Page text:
Another trend that occurs at the height of each wave of feminism is a kind of crisis of female body image. In the 1920s, styles shifted from the curvy Gibson girl of the early 1900s to the slim, straight-hipped flapper who taped down her breasts to make herself look more boyish. It was in the 1970s that anorexia first became a widespread problem. Hilde Bruch’s book, “Eating Disorders: Anorexia, Bulimia and the Person Within,” was published in 1973 and, according to Psychology Today, “As the disorder reached public awareness in the 1970s, cases increased.”
Women’s clothing styles in the ’70s shifted away from the overt femininity of the ’40s, ’50s, and even the mod ’60s, and became more sex-neutral. The body image crisis of Third Wave Feminism is described by Robert Tracinski in a recent article. Recently, the clothing company Acne Studios has received a lot of publicity for its androgynous line of teen fashion.
Each wave of feminism seems to end, ironically, by turning on femininity itself. It is as if feminists are trying to stop victimization by eliminating the victims. Women should not all have to look like a 1950s housewife, of course, but it is no surprise that a glamorization of masculinity would correspond with women shunning the very female act of having children.
A comparison of the three most significant decades of feminism leads to the seemingly obvious, but often unrecognized, conclusion that birth rates depend on women’s attitudes. Macro events, such as the economy, may actually have a less significant impact on fertility than micro influences like peer pressure or what kind of lifestyle is culturally encouraged and respected.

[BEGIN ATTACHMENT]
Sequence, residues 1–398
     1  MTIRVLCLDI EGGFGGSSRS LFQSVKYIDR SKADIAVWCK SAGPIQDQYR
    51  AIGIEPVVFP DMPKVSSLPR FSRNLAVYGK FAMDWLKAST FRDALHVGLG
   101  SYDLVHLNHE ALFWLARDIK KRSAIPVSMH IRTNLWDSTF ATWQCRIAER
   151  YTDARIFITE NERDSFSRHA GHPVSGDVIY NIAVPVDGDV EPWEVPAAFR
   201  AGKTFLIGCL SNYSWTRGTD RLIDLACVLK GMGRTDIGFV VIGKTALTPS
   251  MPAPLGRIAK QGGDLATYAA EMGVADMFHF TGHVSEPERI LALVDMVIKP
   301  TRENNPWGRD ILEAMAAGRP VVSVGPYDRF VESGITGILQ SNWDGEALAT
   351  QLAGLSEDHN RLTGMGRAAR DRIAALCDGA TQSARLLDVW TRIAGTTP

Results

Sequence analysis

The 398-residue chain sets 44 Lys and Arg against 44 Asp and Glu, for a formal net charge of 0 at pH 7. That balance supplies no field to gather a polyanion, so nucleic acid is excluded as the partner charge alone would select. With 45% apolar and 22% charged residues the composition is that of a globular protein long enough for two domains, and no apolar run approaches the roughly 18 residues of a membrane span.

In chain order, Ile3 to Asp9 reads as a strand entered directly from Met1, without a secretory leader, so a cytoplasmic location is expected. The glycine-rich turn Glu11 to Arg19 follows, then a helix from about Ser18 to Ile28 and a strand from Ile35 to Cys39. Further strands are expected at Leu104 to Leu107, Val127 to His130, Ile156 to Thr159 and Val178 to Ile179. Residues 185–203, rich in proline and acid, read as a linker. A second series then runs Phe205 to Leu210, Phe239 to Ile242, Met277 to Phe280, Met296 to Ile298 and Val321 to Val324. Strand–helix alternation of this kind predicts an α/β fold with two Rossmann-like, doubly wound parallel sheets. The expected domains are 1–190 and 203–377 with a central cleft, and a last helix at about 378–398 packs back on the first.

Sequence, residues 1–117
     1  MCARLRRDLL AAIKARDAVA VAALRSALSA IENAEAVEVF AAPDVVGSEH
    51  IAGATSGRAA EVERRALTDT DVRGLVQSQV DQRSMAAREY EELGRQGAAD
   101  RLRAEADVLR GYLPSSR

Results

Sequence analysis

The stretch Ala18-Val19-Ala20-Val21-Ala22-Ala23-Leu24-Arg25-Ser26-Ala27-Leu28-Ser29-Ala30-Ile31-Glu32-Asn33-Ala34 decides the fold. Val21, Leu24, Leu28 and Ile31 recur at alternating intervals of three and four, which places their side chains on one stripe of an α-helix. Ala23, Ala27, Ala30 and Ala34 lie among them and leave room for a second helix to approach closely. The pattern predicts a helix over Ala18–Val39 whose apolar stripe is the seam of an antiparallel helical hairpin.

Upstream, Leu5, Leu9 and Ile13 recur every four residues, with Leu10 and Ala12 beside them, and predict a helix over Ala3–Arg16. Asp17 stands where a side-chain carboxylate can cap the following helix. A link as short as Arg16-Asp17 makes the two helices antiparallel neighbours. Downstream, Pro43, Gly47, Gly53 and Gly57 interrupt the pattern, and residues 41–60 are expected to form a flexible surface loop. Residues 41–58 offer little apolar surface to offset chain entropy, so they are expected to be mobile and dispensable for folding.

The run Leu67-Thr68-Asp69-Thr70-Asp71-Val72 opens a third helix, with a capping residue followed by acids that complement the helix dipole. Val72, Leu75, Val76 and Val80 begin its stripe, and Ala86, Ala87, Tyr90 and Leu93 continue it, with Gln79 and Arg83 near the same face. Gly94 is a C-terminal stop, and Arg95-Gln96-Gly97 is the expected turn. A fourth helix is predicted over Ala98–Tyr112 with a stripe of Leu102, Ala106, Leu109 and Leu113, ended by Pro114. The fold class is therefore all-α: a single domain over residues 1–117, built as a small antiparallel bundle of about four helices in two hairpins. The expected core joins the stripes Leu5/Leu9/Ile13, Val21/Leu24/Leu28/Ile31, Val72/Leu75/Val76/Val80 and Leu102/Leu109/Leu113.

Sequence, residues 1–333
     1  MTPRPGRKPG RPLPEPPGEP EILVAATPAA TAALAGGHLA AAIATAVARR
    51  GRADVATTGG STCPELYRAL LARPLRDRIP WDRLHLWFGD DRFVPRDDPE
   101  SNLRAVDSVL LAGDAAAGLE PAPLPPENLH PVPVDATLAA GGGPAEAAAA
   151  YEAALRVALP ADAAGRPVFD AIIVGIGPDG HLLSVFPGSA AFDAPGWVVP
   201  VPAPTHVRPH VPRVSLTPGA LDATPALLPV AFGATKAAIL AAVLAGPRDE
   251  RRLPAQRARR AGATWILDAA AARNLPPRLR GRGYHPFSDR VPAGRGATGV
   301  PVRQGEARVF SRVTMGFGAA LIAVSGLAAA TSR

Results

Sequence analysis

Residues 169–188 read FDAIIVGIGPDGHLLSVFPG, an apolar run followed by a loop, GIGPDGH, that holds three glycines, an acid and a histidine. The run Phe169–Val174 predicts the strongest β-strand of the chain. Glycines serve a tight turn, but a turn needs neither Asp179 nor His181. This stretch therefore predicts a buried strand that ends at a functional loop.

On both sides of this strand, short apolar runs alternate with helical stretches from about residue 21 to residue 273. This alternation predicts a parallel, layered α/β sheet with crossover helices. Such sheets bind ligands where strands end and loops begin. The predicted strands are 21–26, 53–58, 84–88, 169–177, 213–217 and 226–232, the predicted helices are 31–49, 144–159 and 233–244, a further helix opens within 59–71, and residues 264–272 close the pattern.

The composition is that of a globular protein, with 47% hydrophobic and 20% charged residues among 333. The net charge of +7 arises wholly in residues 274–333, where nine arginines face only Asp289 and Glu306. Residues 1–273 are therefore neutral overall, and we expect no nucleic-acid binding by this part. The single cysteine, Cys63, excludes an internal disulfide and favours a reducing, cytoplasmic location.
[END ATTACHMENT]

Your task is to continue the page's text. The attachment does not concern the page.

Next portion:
The good news is that with 2018 looking so much like 1976, we may be at the peak of Third Wave Feminism and about to see a rebound in birth rates. There would certainly be some interesting synchronicity if, having begun with Anita’s Hill’s testimony against Justice Thomas, and the subsequent Ms. Magazine article, “Becoming the Third Wave,” this era of feminism ended around the time of Christine Blasey Ford’s high-profile accusation against Brett Kavanaugh.
Indeed, a recent Gallup poll indicates that attitudes have already begun to change. According to Gallup, “The current share of adults who see three or more children as the ideal family size is the highest since 1997.”
Third Wave Feminists are onto something when they say the future is female. Anyone who values a stable national population should begin to think as seriously about the cultural attitudes of young women as they do about tax cuts and de-regulations. Listening to the opinions and feelings of young women — respecting their freedom and their femininity, and the incomparable contribution they make as mothers of the future — might just be the next generation of feminism.